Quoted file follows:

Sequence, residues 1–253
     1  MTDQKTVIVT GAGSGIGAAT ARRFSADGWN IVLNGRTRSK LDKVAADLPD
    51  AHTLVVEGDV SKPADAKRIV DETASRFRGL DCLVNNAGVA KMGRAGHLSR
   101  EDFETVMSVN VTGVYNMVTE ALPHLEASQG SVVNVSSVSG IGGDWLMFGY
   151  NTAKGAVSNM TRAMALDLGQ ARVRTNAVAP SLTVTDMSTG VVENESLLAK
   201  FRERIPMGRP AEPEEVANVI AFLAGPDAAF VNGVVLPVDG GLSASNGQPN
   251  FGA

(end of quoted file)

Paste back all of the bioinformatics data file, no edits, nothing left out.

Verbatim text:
Sequence, residues 1–253
     1  MTDQKTVIVT GAGSGIGAAT ARRFSADGWN IVLNGRTRSK LDKVAADLPD
    51  AHTLVVEGDV SKPADAKRIV DETASRFRGL DCLVNNAGVA KMGRAGHLSR
   101  EDFETVMSVN VTGVYNMVTE ALPHLEASQG SVVNVSSVSG IGGDWLMFGY
   151  NTAKGAVSNM TRAMALDLGQ ARVRTNAVAP SLTVTDMSTG VVENESLLAK
   201  FRERIPMGRP AEPEEVANVI AFLAGPDAAF VNGVVLPVDG GLSASNGQPN
   251  FGA